We harvested probably 7 or 8 gallons of small plums on this property and Dragonfly’s and we’ve been making tons of jam for the stand. Value-added products are apparently what you have to do to make money in farming but, in our case, it was to provide farm stand filler as much as it was to be a profit centre.

Another popular product is the no-knead bread I bake. Last year Dayle at Haliburton said that farm stands with baking tended to sell more produce than those without. So last year I baked a lot of bread for their stand. I don’t know if it sold more produce but it sure sold a lot of bread.

This week we placed our first sell offer through Growing Up Organic which is basically a middle-man between produce growers and buyers on the island. We offered to sell 5 lbs each of radishes, Hakurei turnips and oregano. Apparently there’s not much demand for radishes at the moment but I’m hoping to offload some turnips … er, that is if they’re ready. On Monday, we find out what, if anything, the buyers want us to harvest for them on Tuesday. On Thursday, we submit a new offer for the following week.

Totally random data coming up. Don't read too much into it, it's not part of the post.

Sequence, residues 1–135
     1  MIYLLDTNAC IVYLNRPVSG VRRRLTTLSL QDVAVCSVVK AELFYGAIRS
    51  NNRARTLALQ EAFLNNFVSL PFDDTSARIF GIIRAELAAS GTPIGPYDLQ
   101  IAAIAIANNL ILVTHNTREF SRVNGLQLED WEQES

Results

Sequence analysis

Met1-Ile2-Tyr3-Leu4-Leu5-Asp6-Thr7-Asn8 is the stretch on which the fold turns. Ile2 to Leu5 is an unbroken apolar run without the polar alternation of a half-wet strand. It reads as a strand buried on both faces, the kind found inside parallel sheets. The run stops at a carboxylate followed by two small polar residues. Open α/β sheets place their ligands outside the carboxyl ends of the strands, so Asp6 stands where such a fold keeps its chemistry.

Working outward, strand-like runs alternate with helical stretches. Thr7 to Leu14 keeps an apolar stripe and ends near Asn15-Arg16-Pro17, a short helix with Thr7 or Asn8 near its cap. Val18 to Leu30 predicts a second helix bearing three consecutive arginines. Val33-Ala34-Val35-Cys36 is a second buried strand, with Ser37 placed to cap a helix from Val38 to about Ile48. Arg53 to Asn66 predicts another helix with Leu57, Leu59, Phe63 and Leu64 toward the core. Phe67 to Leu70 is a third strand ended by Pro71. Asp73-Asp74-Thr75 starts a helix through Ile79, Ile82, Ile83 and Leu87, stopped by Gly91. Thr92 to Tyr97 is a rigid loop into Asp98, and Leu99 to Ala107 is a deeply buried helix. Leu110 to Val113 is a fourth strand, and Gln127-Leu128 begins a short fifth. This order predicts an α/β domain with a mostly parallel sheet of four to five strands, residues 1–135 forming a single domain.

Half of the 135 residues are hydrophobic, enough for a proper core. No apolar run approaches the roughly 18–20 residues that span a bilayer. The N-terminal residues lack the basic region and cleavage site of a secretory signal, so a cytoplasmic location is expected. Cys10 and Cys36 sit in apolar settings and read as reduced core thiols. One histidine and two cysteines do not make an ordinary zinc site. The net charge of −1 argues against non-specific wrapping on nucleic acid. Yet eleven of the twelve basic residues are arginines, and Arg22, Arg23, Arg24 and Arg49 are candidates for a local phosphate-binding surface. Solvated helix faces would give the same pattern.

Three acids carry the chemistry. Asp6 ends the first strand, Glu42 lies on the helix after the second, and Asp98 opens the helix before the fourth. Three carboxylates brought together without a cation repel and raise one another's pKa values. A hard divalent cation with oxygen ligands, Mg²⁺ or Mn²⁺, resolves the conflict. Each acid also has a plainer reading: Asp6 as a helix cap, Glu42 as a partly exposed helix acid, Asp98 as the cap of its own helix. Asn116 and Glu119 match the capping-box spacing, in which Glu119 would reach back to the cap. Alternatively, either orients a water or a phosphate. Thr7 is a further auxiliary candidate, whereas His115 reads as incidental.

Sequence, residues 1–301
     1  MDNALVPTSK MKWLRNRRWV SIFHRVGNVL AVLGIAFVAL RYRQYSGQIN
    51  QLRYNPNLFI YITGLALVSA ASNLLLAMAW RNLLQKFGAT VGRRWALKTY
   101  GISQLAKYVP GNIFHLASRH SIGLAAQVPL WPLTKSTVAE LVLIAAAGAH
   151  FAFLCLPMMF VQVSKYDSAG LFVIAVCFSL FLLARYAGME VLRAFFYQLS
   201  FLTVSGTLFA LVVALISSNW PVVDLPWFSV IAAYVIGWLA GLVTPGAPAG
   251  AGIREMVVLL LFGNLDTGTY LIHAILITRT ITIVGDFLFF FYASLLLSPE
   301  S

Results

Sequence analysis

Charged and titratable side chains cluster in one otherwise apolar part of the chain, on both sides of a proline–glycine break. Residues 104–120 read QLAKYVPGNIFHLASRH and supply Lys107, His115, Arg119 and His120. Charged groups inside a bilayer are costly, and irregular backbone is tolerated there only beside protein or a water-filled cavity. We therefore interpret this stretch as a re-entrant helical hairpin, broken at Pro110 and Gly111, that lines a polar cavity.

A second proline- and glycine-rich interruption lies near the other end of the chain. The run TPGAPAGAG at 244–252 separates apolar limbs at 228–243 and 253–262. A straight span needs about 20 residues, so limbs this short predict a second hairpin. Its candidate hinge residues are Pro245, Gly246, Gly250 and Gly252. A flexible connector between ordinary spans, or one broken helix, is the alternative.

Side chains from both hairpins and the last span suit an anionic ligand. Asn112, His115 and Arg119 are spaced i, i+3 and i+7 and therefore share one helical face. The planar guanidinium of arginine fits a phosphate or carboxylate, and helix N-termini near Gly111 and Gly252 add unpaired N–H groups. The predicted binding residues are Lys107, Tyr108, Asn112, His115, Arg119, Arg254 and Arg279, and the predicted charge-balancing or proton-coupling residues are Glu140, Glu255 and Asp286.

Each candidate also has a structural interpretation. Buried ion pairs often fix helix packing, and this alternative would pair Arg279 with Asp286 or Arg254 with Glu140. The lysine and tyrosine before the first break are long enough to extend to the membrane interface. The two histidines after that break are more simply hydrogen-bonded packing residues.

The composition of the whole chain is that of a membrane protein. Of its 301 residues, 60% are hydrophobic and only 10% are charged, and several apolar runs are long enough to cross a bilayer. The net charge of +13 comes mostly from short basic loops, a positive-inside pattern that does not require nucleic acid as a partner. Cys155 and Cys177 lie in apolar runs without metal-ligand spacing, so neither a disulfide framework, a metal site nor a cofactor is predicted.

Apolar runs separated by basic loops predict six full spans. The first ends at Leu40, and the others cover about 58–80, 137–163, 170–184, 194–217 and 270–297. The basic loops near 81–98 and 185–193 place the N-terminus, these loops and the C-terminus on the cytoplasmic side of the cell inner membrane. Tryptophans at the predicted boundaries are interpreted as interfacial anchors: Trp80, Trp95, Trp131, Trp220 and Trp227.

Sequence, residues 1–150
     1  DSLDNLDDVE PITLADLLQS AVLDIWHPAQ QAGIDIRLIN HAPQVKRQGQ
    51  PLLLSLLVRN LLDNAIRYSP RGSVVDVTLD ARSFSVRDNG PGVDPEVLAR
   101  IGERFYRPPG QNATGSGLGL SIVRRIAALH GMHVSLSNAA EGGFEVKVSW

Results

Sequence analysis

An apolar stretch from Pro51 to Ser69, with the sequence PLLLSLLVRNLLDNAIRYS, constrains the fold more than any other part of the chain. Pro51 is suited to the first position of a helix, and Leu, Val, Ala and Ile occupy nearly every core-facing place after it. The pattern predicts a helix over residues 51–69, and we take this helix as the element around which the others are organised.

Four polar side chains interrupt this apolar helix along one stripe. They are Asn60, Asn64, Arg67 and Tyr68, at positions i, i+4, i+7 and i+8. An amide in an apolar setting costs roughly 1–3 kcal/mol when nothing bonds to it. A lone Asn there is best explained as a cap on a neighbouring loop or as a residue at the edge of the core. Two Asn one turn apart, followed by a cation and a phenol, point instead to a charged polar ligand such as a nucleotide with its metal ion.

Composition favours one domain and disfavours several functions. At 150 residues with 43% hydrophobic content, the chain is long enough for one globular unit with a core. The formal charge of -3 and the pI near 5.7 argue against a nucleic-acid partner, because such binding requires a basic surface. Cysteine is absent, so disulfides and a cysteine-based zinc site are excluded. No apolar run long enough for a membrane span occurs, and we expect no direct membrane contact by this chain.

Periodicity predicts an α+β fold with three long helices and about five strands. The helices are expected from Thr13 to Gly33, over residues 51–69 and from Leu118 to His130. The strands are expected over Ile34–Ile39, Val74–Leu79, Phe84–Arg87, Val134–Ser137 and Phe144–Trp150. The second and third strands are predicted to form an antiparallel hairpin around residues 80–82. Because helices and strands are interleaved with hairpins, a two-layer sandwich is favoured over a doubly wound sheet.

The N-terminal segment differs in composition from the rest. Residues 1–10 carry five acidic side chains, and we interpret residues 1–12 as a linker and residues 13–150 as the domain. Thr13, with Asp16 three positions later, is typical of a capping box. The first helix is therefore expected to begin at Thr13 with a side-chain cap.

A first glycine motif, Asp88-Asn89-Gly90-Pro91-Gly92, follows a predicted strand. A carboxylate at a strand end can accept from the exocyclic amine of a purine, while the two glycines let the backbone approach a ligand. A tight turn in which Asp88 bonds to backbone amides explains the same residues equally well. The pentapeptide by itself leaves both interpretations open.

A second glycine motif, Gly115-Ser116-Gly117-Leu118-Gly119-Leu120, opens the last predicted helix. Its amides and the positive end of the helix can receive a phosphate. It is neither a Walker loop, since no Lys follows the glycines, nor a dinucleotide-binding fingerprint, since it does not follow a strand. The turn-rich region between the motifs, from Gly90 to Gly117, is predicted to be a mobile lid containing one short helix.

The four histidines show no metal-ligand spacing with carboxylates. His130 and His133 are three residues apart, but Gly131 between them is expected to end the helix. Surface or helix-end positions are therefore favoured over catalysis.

In other news: our homespun sandwich board advertising our farm stand products was a victim of a hit and run this afternoon. I actually heard the crunch while lounging in my Lafuma (yes, I know I’m not a real farmer yet), when I heard something like the sound of a car crash but oddly different. Some yelling, then acceleration. When I got to the end of the driveway, there was a truck 500m one way and a car the same distance the other way. No witnesses. I assume it was a hit ordered by Indigo Farm. And you seemed so nice, Kim.